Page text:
Pastor’s Corner: “Privilege of Suffering”

Philippians 1:29 (NLT) – 29 For you have been given not only the privilege of trusting in Christ but also the privilege of suffering for him. 

I read of a pastor from America who was asked to preach on suffering to a church in the slums of Mumbai. He asked himself, how was an affluent American supposed to share with Christians who lived in utter poverty and who faced persecution from the other two more dominant religious groups?  

The Bible clearly reveals that suffering is inevitable for all believers. Our convictions should be contrary to that of the world and as a result our words and deeds will be hated. The persecution we may receive in the U.S. for our convictions are only harsh words, maybe an unfriending on Facebook and at worse a slashed tire. The believers in Mumbai faced beatings and removal from their meager dwellings.  

In a packed room filled with adults in chairs and children sitting on the floor, the pastor gave examples of believers in Scripture who counted it a privilege to suffer for Jesus. After all, He suffered for us. He told of the great heavenly rewards that far outweigh anything we experience here. He shared how Philippians 1:29 refers to suffering as a gift comparable to salvation, because it was for the sake of Christ. At the end of the meeting another pastor with two small daughters came up to him and explained that the message spoke to his heart. He was going to ask for money for tin to build a space in the slums to shelter his family. The message convicted him that he should continue to share space in others’ shacks, as it was a privilege to not have a home for the sake of the gospel.  The American pastor had to ask himself if he believed the message as strongly as this pastor from Mumbai did. How about you?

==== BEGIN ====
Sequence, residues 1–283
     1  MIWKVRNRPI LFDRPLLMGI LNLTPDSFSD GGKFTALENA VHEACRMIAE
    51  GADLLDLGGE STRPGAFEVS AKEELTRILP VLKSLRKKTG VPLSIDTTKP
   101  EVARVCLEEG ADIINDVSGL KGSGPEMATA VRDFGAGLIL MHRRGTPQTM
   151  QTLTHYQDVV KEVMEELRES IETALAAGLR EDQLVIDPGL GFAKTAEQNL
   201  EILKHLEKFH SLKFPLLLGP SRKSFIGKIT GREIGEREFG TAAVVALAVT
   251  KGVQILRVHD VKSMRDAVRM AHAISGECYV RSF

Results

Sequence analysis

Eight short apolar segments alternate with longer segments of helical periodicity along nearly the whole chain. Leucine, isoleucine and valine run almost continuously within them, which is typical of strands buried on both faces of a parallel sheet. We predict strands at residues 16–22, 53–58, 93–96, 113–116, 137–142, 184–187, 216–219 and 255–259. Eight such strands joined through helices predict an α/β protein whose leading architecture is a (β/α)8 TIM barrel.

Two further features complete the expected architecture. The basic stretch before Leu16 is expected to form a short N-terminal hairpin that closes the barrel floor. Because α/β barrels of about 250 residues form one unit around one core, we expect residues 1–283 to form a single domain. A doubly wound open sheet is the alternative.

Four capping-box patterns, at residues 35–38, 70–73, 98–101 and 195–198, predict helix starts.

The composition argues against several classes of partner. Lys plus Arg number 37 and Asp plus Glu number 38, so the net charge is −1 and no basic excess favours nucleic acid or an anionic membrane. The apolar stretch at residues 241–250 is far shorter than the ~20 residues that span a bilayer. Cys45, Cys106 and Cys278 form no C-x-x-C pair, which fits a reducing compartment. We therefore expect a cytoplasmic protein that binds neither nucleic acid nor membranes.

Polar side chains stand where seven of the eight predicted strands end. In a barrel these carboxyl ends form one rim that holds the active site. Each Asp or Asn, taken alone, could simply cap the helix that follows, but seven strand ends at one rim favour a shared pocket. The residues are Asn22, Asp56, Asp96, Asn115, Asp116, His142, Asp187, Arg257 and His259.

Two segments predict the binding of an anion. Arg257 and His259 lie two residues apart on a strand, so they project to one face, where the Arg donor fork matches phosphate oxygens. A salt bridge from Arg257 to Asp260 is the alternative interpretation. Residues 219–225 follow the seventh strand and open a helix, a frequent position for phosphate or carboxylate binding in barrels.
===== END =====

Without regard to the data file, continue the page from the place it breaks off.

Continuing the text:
The normal human reaction to the influx of persecutions and pain is an immediate desire to escape the advancing difficulties and dangers. But in reality we should embrace them with a thankful heart – confidently expecting our heavenly Father to use them for our spiritual benefit and for His eternal glory. Acts 5:41 (NLT)41 The apostles left the high council rejoicing that God had counted them worthy to suffer disgrace for the name of Jesus. 

Remember, the Lord Jesus himself said, He who saves his life shall lose it. But he who loses his life for my sake and the gospel’s shall save it. Inevitably in the Christian life there will be some degree of putting up with misunderstanding, patronizing pity, ridicule or scorn and the like. When we appear before the Lord, he doesn’t look us over for medals, but for scars. They may not always be physical scars. It is the trials and suffering we go through that deepen our lives. 

Oswald Chambers beautifully expressed this. He described how God is purposely working to make us into fine wine, but that we can never attain to this if we keep objecting to the fingers he uses to crush us. We could accept it if God would just use His own fingers to make us his specially broken bread and poured out wine. But when he uses someone we dislike or certain circumstances that we do not want to allow, we push back. Chambers reminds us that we must not dispute the place of our own martyrdom. If we are ever to be made fine wine to drink we simply must be crushed. Grapes cannot be drunk. They only become wine once they submit to the crusher. 

God has wisely designed that life involves suffering. And it is not a sacrifice; it is a privilege that we are granted, for Christ’s sake.  

Reflect: We don’t need to invite suffering. If we are true to the Word, it will come to us. 

In His Grace, 

Pastor Hamilton